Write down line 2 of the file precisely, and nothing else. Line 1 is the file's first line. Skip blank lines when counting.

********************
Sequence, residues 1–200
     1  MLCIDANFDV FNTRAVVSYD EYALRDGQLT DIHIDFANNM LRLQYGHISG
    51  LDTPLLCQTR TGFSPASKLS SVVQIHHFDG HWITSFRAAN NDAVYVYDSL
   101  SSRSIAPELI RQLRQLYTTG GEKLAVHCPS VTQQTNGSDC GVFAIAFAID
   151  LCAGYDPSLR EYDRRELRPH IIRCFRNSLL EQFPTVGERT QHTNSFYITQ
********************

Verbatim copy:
     1  MLCIDANFDV FNTRAVVSYD EYALRDGQLT DIHIDFANNM LRLQYGHISG